Saying "No" To Halloween
Foundations Magazine|Volume 2, Issue 15
Saying "No" To Halloween
I grew up celebrating Halloween. In the words of the movie “Hocus Pocus” (I do not recommend you seeing this), Halloween is a night of “frolic” where children run “amuck”. I innocently dressed up as a pirate, a mermaid, a black cat, and a southern belle before the tradition got old and dressing up was no longer as fun. It is one of my mother’s biggest regrets of raising me, to give in to such a worldly holiday that has no place in the Believer’s home.
Carmen Welker
I have to admit, I love seeing kids, especially babies, dressed up in costumes. I contemplated letting my son dress up each year like my mom did for me. But as I continued on reading through the Bible again, I began to get really concerned about the vain traditions of America and even of the “Christian Church” that they celebrate contrary to the Bible. I decided to say “no” to Halloween after I studied the history of it and compared it in light of the Scriptures.

This isn’t meant to judge anyone who celebrates Halloween. However, most Americans have little to no knowledge about the origins of Halloween. Because it’s an American tradition, they do not question it. I want to present the information I found to give a perspective that is neither popular or well-received but will hopefully shed some light on the matter and cause you to think. My sources come from wiki/Halloween, culture/halloween.html, html, and the Holy Bible.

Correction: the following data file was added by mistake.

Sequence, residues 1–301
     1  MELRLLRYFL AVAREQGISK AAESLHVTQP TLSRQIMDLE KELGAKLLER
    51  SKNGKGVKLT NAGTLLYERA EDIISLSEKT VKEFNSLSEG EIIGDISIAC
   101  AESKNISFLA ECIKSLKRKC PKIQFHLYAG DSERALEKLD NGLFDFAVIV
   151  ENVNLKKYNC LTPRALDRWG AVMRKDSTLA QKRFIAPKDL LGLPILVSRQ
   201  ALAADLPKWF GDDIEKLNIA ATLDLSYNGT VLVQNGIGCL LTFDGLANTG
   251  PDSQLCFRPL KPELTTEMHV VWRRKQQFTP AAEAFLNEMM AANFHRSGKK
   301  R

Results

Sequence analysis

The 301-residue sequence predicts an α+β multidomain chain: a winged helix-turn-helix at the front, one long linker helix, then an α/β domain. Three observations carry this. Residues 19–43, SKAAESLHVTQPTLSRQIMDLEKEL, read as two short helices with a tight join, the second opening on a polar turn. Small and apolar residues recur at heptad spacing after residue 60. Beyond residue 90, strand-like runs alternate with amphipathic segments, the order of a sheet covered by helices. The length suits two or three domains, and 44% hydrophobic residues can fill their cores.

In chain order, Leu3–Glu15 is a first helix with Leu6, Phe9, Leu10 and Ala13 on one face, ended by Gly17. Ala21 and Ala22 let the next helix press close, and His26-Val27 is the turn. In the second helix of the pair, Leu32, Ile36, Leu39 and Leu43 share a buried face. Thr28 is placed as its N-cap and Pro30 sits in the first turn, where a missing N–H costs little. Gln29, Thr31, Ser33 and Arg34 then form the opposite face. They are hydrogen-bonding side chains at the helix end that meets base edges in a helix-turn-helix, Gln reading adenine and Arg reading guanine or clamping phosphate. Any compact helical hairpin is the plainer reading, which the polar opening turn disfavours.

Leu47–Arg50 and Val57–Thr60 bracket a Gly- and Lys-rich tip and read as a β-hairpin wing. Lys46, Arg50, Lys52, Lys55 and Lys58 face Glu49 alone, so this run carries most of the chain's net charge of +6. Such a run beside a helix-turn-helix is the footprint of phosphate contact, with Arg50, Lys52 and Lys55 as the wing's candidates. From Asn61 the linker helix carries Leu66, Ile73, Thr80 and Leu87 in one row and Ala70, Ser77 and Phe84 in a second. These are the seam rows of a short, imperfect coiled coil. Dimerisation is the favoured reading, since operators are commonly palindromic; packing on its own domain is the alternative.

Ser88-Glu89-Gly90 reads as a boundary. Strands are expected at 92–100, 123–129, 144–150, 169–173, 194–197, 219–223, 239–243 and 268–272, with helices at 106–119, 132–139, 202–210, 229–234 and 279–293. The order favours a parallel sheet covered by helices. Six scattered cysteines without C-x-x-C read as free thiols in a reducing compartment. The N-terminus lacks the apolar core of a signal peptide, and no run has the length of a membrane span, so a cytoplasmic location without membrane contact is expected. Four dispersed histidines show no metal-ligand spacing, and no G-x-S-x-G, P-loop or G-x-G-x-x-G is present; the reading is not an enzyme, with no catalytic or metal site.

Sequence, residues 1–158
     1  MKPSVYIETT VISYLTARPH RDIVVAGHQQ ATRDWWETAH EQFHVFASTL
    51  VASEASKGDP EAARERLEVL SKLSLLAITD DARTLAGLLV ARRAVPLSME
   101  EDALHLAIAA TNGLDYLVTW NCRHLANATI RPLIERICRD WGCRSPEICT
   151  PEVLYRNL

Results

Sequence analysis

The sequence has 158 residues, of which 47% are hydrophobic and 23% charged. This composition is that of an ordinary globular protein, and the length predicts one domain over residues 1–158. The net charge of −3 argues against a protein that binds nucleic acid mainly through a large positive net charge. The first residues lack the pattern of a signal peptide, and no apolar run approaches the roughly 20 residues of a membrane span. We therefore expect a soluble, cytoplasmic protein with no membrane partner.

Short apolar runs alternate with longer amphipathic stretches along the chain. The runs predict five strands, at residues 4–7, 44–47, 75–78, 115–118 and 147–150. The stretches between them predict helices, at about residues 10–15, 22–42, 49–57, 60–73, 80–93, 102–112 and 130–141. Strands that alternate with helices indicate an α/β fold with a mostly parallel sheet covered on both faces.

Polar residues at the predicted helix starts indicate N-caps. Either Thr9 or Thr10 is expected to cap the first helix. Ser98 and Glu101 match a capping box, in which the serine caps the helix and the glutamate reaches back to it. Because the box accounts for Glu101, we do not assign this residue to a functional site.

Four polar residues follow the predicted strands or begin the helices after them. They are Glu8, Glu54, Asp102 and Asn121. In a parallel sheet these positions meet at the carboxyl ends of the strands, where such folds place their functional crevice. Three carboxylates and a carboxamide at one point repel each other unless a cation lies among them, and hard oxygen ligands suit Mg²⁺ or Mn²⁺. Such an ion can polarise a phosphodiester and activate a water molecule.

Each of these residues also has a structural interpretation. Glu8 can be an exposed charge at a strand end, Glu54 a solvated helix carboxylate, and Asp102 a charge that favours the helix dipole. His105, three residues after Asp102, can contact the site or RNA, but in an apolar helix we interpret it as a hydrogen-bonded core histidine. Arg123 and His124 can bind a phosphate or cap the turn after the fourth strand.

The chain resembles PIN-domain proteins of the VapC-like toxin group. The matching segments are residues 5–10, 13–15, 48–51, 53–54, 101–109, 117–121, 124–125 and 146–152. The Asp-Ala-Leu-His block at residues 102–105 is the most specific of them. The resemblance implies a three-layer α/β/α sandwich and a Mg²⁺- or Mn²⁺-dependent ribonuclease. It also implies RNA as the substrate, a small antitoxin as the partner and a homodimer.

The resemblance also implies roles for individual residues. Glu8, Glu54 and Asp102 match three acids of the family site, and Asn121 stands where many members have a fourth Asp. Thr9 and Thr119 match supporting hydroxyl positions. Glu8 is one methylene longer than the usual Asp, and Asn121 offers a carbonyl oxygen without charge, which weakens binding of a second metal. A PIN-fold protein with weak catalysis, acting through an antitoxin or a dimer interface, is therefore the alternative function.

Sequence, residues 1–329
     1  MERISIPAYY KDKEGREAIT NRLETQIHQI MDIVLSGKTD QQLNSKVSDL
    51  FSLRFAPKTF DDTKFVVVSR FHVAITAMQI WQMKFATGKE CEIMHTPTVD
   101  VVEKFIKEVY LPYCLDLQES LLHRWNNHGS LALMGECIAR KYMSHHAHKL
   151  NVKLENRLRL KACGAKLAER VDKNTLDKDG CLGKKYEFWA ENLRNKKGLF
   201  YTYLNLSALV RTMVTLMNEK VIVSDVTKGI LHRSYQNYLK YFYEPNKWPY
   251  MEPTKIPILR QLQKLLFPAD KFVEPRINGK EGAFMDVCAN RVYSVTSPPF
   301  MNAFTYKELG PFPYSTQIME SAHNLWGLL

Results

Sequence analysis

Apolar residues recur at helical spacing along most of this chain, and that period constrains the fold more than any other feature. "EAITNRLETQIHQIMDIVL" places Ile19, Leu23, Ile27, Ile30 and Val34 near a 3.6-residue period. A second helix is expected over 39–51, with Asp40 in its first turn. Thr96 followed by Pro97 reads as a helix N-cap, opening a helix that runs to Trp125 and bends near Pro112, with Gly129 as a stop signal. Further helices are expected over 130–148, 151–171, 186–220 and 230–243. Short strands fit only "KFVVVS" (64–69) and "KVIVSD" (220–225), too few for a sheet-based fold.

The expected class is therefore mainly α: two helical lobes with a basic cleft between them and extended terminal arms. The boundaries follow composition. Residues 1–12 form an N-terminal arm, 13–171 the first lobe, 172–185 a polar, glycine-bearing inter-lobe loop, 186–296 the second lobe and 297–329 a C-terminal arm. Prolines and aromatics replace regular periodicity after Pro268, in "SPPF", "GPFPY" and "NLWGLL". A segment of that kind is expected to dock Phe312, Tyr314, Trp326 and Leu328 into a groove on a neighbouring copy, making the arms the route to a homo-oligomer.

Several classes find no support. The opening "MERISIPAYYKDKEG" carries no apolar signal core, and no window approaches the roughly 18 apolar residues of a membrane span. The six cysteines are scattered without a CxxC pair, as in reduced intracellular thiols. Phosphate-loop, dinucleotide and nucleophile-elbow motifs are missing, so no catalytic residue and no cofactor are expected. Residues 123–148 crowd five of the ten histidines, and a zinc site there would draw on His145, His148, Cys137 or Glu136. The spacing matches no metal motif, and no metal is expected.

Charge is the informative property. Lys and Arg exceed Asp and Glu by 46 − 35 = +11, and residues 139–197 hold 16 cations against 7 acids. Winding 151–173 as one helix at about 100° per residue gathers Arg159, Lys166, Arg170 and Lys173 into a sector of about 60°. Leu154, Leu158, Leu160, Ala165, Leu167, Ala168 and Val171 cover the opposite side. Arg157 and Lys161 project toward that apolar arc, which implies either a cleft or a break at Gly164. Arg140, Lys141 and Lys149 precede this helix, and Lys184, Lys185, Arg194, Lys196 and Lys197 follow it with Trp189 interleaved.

To the “Church’s” detriment, it has embraced holidays throughout the years that have pagan origins. Halloween is such a tradition that is celebrated by most Americans and many mainstream “Christians”. Many scholars believe that Halloween’s origins and traditions began in Rome and have a few characteristics from the Feasts of Pomona and Parentalia.

Pomona is the feast of seeds and fruits. Parentalia is a nine day feast honoring the dead. The last night was called Feralia when Romans would try to placate the evil spirits. When the Romans occupied Celtic territory around AD 43, the Romans brought their ideas of feasting and honoring the dead, as well as superstitions and melded them with the traditions of the pagan Celts. It also combined its traditions and perhaps was made acceptable because of the Catholic day of honor for the dead, All Hallows Eve/All Saints Day. This tradition began in the 8th Century.

All Hallows Eve was mandated by Leo the Wise in honor of his wife. The above source from the Catholic Church states that on such a day (blending All Hallows Eve with All Saints Day), one could play a “Name the Saint” game. Poor of the “church” could go door to door asking for “soul cakes” and sing a little song for this treat.


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Volume 2, Issue 15